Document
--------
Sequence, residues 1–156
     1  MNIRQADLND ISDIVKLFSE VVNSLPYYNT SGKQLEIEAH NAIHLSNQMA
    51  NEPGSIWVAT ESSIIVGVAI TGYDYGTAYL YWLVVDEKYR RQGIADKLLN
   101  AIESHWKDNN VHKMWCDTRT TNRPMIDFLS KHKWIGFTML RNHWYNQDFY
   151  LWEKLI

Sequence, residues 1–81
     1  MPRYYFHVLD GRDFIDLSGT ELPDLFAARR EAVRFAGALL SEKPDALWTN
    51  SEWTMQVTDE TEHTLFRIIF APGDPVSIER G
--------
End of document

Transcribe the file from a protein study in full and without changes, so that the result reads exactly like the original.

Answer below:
Sequence, residues 1–156
     1  MNIRQADLND ISDIVKLFSE VVNSLPYYNT SGKQLEIEAH NAIHLSNQMA
    51  NEPGSIWVAT ESSIIVGVAI TGYDYGTAYL YWLVVDEKYR RQGIADKLLN
   101  AIESHWKDNN VHKMWCDTRT TNRPMIDFLS KHKWIGFTML RNHWYNQDFY
   151  LWEKLI

Sequence, residues 1–81
     1  MPRYYFHVLD GRDFIDLSGT ELPDLFAARR EAVRFAGALL SEKPDALWTN
    51  SEWTMQVTDE TEHTLFRIIF APGDPVSIER G